Massachusetts contains thousands of private streets and ways; on and along those ways innumerable residents of this Commonwealth live. We know that the Derelict Fee Statute operates to resolve ownership questions regarding these private ways. However, the “statute pertains only to the question of ownership of the fee [in a private way]”; it does not govern use, maintenance, or other rights and/or obligations over a way, which, for the purposes of this blog post, fall within the province of the common law of easements. Adams v. Planning Bd. of Westwood, 64 Mass. App. Ct. 383, 389 (2005).
There are multiple types of appurtenant easements that a landowner abutting a private way may have: express, implied (estoppel, necessity, prior use), prescriptive. However, each type, unless otherwise expressly indicated, carries with it “every right necessary for its enjoyment is included by implication,” Sullivan v. Donohoe, 287 Mass. 265, 267 (1934); and, thus, “[t]he right to make necessary repairs is an incident to the easement.” Mt. Holyoke Realty Corp. v. Holyoke Realty Corp., 298 Mass. 513, 514 (1937). These incidental or secondary rights are broad and include paving, clearing of brush and limbs, and grading and leveling. See, e.g., Stagman v. Kyhos, 19 Mass. App. Ct. 590, 593-594 (paving); Glenn v. Poole, 12 Mass. App. Ct. 292, 296 (1981) (clearing of brush and limbs); Guillet v. Livernois, 297 Mass. 337, 340 (1937) (changing grade and level). Thus, an easement holder’s unilateral right to make necessary repairs and improvements “is well established in cases where the way is already in use” and “exists even more clearly where without improvement the way is impassable and useless.” Guillet, supra. The more difficult legal question is an easement holder’s ability to compel others to contribute to such maintenance and repairs, or to recoup the costs of the same.
There are multiple common law options through which an easement holder may obtain contribution or reimbursement for repairs to a private way. Below, is a discussion of two such options – equitable contribution and unreasonable interference.
1. Equitable Contribution. Contribution is an ancient legal concept. “By the common law, where one” co-owner of property “is willing to repair, and the others will not, he who is willing to repair has a right to make all necessary and useful repairs, and may” bring an action “against the other tenants, to obtain contribution.” Coffin v. Heath, 6 Metcalf 76, 79-80 (1843). “[T]he doctrine of contribution . . . is founded on the principle that where parties stand” in equal right, “equality of” burden “becomes equity.” Id. at 80. In other words, with equal rights come equal obligations.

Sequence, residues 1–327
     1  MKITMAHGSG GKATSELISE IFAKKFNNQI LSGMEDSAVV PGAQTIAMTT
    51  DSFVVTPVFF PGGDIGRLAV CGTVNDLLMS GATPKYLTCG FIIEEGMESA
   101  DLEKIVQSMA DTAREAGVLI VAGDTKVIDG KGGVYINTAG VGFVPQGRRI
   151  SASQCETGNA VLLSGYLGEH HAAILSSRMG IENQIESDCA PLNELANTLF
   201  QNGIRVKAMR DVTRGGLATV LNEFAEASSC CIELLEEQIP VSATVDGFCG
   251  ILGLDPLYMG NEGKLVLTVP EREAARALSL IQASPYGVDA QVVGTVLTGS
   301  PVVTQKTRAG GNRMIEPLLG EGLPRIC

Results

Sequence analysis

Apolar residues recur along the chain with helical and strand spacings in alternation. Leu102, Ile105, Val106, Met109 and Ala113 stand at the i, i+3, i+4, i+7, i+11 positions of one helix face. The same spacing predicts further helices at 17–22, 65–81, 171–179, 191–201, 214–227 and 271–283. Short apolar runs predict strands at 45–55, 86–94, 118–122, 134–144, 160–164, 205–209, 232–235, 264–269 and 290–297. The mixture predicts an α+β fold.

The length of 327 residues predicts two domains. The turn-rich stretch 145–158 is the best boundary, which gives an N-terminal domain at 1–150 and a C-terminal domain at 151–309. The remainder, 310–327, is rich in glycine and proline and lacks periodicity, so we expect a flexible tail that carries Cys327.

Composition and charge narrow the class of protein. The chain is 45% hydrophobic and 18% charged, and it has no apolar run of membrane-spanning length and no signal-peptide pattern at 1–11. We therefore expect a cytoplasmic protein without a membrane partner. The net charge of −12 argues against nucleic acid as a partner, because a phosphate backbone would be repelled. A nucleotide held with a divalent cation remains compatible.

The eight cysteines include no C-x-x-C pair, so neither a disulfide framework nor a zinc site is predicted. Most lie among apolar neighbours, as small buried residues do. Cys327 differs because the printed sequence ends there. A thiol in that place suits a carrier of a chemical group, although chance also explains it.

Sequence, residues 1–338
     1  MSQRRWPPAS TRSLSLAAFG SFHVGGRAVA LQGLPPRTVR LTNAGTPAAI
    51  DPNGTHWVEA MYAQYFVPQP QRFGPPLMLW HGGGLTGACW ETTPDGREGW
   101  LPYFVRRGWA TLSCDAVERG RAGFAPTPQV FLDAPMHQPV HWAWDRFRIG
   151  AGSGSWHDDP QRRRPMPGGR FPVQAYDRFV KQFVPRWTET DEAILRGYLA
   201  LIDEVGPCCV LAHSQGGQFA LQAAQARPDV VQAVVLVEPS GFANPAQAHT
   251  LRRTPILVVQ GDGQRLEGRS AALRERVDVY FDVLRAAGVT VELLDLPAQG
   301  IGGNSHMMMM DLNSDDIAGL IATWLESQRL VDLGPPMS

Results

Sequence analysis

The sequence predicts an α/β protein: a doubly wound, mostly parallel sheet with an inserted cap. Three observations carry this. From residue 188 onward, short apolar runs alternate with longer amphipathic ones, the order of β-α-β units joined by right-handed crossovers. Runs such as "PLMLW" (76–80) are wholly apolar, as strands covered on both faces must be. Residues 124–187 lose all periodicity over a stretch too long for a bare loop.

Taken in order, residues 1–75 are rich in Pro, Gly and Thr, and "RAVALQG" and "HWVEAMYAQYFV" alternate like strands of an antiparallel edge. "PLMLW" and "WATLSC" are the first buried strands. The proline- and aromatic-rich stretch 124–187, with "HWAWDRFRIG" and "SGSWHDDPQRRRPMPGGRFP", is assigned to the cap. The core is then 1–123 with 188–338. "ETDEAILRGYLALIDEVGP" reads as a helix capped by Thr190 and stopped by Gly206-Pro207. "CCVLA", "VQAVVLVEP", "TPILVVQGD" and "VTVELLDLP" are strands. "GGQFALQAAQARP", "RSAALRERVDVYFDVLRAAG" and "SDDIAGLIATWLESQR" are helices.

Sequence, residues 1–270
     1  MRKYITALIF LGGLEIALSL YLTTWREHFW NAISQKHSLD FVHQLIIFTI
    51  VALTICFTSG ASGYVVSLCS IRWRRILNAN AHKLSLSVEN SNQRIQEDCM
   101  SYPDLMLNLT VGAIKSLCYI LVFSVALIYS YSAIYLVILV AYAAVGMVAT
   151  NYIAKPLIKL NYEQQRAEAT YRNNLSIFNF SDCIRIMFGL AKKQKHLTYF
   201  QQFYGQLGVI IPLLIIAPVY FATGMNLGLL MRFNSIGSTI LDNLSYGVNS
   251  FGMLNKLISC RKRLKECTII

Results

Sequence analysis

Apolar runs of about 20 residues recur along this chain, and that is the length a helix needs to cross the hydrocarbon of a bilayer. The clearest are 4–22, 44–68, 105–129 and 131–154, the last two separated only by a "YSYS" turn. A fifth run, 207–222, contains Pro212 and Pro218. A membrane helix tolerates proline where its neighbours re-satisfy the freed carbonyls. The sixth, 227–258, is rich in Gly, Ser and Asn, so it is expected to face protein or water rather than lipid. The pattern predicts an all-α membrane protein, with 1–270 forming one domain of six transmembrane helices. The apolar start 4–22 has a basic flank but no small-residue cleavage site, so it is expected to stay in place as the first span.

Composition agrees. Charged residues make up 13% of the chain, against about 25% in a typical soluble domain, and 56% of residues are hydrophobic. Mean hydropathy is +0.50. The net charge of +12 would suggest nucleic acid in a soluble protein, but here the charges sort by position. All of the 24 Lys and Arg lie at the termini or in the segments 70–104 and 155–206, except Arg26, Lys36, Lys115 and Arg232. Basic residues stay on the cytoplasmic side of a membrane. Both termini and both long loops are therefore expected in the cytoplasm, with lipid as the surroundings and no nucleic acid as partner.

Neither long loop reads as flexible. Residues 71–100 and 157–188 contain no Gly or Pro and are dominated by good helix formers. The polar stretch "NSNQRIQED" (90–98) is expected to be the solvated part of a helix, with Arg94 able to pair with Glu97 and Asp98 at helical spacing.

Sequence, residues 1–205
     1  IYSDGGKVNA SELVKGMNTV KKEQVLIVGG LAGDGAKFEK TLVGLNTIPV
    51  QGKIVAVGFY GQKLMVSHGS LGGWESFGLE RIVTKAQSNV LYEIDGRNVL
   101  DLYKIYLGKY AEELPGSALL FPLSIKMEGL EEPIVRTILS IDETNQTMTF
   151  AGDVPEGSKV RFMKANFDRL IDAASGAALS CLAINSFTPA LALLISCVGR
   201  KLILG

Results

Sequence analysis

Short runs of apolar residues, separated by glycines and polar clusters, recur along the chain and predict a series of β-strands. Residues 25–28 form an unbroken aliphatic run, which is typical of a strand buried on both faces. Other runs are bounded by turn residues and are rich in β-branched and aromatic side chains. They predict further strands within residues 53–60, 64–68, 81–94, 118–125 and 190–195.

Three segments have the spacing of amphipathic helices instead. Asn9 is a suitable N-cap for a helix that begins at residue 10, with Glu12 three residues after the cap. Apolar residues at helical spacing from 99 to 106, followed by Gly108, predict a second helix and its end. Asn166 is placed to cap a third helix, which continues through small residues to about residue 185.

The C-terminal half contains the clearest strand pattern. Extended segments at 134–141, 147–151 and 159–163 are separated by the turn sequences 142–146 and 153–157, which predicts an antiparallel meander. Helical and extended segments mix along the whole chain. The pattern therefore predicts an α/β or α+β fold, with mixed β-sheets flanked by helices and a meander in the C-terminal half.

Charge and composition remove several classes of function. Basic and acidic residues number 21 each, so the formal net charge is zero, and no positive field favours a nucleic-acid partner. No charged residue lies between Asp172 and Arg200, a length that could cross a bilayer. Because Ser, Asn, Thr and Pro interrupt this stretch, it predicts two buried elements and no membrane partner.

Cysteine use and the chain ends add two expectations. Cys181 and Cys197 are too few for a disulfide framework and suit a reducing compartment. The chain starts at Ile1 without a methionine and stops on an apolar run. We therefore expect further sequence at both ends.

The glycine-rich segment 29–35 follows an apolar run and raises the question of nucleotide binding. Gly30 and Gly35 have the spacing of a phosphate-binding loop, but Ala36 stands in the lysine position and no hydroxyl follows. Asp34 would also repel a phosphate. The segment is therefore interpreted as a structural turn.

Thus, “if repairs be made and paid for by one of the tenants, for the common benefit of the other tenants, they, in equity, would be held to contribute ratably for such useful expenses.” Id. “And not only would they be personally liable to contribution, but their estates also would be subjected to a lien, whether the tenants agreed to repair or not, if by the repairs a common benefit has been conferred on the owners, so that” from equity and good conscience “they ought to pay for such a benefit.” While the origin of the doctrine is quite old, its application has continued through to present. See e.g., Sheehan v. Sheehan, 361 Mass. 196, 197-198 (1972); Gough v. Gough, 329 Mass. 634, 636 (1953); Fiske v. Quint, 274 Mass. 169, 173-174 (1931).
In Cannata v. Berkshire Natural Resources Council, Inc., the Appeals Court specifically used the legal term “contribution”, and applied the foregoing principles to holders of “separate or common easements over the same land”. 73 Mass. App. Ct. 789. 797 (2009). It is true that “[t]he duty of maintaining an easement in such condition and repair as may be necessary to its exercise normally rests upon the holder of the easement.” Shapiro v. Burton, 23 Mass. App. Ct. 327, 333 (1987), citing New York Cent. R. R. v. Ayer, 242 Mass. 69, 75 (1922). However, this principle is practically inapt where there are multiple owners of a private way, and multiple common easement holders over the same. In such circumstances, courts will seek to determine “how the costs should be equitably apportioned among the common easement owners.” Shapiro, supra at 335.